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EU citizenship


Your rights – and how to use them

All nationals of an EU country are automatically citizens of the EU. Being an EU citizen gives you some important extra rights and responsibilities.

Your EU citizenship rights

These are spelled out in the Treaty on the Functioning of the European Union (Article 20) and the Charter of Fundamental Rights (Chapter V).

Need help exercising your rights?

To raise awareness of EU citizenship among both the public and national authorities, the Commission periodically publishes an EU Citizenship Report .

Moving & living in the EU

As an EU citizen, you have the right to live and move within the EU without being discriminated against on the grounds of your nationality.

You may set up home in any EU country if you meet certain conditions, depending on whether you are working, studying, etc.

Participating in the political life of the EU

Hand placing an envelope in a ballot box with the EU flag in the background © iStockphoto

All EU citizens have the right to vote in the European Parliament elections.

Every EU citizen has the right to vote and stand as a candidate in both municipal and European elections in whichever EU country they live, under the same conditions as nationals.

Petitions & complaints

You can petition the European Parliament to address either a personal need or grievance, or a matter of public interest. The subject must fall within the EU’s sphere of activity and must concern you directly.

For grievances about misconduct by an EU institution or body, you can complain to the European Ombudsman.

You can also contact EU institutions and advisory bodies directly, and are entitled to a reply in any of the EU’s 24 official languages.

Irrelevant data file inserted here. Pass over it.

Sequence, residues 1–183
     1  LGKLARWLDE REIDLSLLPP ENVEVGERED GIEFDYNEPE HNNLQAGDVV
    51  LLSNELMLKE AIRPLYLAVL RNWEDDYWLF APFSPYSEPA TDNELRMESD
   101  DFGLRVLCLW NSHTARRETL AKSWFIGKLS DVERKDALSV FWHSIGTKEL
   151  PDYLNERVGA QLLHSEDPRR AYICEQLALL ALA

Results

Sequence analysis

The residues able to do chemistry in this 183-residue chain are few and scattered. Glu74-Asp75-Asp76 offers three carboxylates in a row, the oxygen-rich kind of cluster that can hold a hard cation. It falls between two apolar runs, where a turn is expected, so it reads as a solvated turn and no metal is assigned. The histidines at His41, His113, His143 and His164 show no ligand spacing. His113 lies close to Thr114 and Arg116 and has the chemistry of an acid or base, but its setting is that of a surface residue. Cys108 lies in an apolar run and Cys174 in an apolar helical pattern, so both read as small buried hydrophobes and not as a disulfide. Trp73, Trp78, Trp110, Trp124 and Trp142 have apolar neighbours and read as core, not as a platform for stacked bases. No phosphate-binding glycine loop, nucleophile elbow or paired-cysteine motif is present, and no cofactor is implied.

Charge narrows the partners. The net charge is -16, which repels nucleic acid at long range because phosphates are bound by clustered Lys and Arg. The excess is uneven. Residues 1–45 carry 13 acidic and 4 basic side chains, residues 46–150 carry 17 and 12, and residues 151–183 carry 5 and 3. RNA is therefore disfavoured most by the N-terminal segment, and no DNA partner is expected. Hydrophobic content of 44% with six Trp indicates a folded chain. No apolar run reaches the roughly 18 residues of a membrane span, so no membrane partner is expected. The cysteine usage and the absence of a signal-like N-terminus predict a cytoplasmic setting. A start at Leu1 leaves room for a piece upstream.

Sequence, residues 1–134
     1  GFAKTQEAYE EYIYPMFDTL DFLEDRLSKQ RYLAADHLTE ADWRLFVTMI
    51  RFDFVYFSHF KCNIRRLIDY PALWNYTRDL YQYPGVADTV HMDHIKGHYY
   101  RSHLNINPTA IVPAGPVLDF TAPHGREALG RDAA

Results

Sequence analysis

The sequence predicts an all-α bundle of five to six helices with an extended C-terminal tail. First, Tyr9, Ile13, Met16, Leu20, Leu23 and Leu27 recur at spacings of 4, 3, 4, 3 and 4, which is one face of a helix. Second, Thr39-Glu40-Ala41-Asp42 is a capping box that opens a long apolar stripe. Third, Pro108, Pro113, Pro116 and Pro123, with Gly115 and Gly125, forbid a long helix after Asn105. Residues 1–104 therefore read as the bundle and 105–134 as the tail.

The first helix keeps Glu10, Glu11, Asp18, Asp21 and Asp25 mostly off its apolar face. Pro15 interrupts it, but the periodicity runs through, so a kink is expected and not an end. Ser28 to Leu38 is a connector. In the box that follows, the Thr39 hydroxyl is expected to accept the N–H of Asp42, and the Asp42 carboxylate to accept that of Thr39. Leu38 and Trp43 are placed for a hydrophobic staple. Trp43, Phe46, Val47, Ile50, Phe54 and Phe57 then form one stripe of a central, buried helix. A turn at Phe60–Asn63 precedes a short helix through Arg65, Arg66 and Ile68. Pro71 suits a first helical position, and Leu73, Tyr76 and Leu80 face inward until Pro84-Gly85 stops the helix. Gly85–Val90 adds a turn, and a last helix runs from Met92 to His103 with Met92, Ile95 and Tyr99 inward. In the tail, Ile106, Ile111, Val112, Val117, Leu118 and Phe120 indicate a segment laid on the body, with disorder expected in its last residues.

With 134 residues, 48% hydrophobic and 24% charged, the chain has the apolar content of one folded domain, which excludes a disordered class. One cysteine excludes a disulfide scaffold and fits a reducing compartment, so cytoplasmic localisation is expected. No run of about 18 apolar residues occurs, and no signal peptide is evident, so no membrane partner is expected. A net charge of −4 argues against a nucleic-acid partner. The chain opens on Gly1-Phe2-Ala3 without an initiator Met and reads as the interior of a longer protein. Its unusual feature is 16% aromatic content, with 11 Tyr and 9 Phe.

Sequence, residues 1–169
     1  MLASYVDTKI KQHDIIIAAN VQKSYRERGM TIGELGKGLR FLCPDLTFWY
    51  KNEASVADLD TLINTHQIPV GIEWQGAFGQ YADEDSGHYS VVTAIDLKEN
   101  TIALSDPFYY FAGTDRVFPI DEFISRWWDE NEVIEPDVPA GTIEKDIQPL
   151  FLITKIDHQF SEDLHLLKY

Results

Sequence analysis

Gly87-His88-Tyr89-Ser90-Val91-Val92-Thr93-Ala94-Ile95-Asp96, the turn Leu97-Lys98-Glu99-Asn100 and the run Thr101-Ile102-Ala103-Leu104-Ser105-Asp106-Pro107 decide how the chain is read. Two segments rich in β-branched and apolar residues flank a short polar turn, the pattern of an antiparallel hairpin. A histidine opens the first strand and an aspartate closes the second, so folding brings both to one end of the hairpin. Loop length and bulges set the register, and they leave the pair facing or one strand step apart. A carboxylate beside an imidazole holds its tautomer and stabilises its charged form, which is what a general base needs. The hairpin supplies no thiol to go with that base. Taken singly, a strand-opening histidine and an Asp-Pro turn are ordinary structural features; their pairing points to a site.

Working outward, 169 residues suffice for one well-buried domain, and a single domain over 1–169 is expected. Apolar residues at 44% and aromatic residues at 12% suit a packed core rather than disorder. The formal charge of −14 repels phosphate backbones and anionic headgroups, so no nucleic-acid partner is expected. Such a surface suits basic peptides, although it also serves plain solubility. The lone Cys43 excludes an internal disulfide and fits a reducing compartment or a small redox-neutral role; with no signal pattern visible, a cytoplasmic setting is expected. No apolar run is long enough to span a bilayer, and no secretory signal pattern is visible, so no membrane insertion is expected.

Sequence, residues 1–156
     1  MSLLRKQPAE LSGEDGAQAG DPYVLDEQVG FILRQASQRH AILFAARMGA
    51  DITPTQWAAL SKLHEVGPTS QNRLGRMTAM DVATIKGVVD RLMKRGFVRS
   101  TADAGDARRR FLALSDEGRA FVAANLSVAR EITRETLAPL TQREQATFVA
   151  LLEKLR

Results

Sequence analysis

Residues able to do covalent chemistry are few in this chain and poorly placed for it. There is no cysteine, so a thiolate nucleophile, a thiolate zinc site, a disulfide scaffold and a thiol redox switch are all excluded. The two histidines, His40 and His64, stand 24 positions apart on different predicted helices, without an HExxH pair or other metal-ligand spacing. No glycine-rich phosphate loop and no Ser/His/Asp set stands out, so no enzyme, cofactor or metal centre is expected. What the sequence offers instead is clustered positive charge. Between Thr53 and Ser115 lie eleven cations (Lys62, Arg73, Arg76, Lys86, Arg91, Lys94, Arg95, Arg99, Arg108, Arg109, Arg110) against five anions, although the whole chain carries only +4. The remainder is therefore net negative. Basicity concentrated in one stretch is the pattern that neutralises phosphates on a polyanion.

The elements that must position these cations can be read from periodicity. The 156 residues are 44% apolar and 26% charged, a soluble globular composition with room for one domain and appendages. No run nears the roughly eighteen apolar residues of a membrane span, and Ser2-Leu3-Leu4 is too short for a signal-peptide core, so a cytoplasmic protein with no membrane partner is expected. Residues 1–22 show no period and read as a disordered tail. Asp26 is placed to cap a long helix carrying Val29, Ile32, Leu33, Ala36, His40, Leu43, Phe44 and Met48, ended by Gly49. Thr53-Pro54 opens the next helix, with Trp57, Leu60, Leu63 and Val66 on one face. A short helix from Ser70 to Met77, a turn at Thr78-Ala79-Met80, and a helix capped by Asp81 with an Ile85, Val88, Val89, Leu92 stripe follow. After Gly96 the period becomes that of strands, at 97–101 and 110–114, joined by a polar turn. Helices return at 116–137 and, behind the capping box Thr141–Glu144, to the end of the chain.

Consular protection

European banknotes and a passport in a wallet © iStockphoto

With a valid passport or identity card, EU citizens can live in another EU country for up to 3 months.

When in a non-EU country and in need of help, as an EU citizen you are entitled to consular protection from the embassy or consulate of any other EU country. You can expect assistance in situations including death, accident or illness, arrest or detention, violent crime and repatriation.

Citizens’ initiative

The European Citizens’ Initiative allows you to ask the European Commission to prepare a proposal for a legal act. The petition must be signed by at least 1 million people from at least one quarter of the EU's countries.

Active participation in the civic life of the EU

Various initiatives encourage citizens and organisations to play an active role in the EU: 

  • Europe for Citizens programme – funds initiatives to encourage debate & networking on the bloc's history, identity and aims, and gather input on the future direction of the EU.
  • Fundamental Rights & Citizenship – programme promoting the rights of EU citizens.
  • European Year of Citizens (2013) – in 2014, some activities will continue, this time with more focus on the European elections (22-25 May).
  • the Commission regularly launches public consultations on initiatives it is planning, in which every European can have their say.
  • Citizens' Dialogues – held in cities across the EU, to listen to and exchange with citizens.
  • Civil society contacts – regular Commission interaction ("structured dialogues") with civil society in various fields of activity.

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Justice, citizenship, fundamental rights

Published in October 2013

This publication is part of the 'European Union explained' series


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